If you want to implement convenience fees within your payment software system or payment gateway, this article is for you. In payment card industry context a convenience fee is a fee charged for card processing. It allows the merchant to pass the cost of card processing to the cardholder. Some more information on convenience fees can be found in our previous articles here and here.

The purpose of this article is to analyze the technical aspects of adding convenience fee handling functionality into a payment system.

Fundamentally, there are two approaches used for convenience fee implementation.

Convenience fee handling approaches

The first approach can be applied when merchant funding is handled by the payment gateway or PSP (i.e. by the system that processes the transaction). The second approach can be applied when funding is not handled by the system that processes the transaction (i.e. by the processor).

The main difference is that under the first approach convenience fees can be withheld at the time of funding, while under the second approach they can not, since the funding is handled elsewhere. Consequently, under the second approach, convenience fees have to be processed in a particular way at the time of processing.

Let us compare the two approaches based on a simple example.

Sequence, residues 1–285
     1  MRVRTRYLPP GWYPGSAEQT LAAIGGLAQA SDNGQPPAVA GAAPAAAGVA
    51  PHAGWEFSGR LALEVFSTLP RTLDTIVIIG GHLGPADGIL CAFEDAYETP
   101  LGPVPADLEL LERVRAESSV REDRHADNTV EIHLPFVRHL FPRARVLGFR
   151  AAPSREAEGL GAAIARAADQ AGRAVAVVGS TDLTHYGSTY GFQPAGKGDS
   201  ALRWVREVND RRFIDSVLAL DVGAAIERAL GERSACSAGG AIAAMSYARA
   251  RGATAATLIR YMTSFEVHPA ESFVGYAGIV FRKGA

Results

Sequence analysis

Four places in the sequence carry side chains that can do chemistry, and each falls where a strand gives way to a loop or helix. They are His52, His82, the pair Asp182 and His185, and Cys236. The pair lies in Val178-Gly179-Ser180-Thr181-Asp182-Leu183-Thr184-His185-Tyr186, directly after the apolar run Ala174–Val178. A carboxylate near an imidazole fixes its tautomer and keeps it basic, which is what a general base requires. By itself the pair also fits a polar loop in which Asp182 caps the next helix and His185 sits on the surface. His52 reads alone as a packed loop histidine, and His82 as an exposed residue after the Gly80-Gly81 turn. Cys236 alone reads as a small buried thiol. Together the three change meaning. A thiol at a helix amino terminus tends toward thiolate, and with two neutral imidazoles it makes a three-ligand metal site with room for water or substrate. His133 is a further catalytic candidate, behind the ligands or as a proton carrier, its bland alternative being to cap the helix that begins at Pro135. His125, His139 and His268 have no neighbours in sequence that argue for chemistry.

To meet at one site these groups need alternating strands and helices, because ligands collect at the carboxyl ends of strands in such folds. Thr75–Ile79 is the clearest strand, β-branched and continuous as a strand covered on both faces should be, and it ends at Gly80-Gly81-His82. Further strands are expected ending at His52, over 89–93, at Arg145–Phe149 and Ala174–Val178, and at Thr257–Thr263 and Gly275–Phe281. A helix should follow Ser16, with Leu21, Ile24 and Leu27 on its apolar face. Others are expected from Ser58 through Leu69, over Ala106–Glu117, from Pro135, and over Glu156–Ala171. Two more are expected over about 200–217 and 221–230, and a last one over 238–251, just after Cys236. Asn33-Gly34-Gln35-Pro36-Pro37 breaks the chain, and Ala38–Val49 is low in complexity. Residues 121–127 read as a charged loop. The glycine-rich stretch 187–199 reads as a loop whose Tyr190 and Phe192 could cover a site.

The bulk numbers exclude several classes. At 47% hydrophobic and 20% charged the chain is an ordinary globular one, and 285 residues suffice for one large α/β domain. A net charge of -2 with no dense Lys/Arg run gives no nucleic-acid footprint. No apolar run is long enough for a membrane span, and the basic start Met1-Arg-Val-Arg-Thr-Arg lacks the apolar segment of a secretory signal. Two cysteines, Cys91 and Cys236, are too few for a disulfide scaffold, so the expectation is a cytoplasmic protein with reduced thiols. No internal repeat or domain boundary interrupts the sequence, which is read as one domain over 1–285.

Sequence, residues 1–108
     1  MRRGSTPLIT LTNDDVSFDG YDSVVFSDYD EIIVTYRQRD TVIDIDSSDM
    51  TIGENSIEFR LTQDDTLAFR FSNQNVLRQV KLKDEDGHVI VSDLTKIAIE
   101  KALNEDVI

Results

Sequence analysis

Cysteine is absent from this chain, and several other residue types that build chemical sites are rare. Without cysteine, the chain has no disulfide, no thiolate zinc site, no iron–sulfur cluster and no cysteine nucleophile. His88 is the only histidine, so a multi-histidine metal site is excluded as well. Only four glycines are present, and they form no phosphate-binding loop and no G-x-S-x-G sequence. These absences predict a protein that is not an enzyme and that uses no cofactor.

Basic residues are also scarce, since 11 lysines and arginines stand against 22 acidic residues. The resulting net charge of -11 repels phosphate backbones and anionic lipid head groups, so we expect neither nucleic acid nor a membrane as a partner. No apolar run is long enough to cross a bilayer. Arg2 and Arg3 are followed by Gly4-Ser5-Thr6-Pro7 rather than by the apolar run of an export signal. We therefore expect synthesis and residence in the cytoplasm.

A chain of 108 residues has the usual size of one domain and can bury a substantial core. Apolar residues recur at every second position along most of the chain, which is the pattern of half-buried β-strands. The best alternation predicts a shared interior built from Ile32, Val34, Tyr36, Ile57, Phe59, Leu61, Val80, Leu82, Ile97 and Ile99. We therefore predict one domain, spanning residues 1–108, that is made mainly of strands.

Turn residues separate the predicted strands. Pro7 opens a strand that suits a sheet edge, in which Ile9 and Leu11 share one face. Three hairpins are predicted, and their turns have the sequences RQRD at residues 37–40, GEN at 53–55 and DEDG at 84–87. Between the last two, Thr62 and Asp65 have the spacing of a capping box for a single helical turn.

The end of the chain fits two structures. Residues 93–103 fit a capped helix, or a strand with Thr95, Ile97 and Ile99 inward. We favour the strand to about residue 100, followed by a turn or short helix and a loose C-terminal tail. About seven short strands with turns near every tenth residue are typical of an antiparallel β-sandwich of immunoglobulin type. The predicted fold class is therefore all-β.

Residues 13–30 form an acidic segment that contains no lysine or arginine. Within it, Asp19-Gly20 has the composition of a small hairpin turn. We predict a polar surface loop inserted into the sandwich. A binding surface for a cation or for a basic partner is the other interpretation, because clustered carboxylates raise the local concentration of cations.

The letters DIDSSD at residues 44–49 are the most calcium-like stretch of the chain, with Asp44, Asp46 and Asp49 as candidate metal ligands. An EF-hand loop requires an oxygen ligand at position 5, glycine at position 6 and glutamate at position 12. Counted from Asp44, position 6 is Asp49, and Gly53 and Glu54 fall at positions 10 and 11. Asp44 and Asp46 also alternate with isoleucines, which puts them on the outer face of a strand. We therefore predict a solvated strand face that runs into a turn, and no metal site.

Before describing the example, we should note, that in most cases a convenience fee is a surcharge, which is, generally, kept by the service provider that facilitates the payment (payment gateway, processor etc) (some part of that fee might be shared with the a reseller). The primary part of the transaction (100% of the original amount) is, naturally, deposited back to the merchant.

Example

For example, if a $100 payment is made and $5 convenience fee is charged, the cardholder actually pays $105, of which $100 go to the merchant and $5 are withheld by the service provider. The surcharge includes the actual cost of transaction processing and an additional markup.

Under the first approach, the entire transaction (primary transaction amount and the convenience fee) can be processed as a single transaction using the same MID. At the time of funding the principal amount can be funded to the merchant and the convenience fee – withheld by the payment service provider (who facilitates the funding process and, therefore, can hold the funds).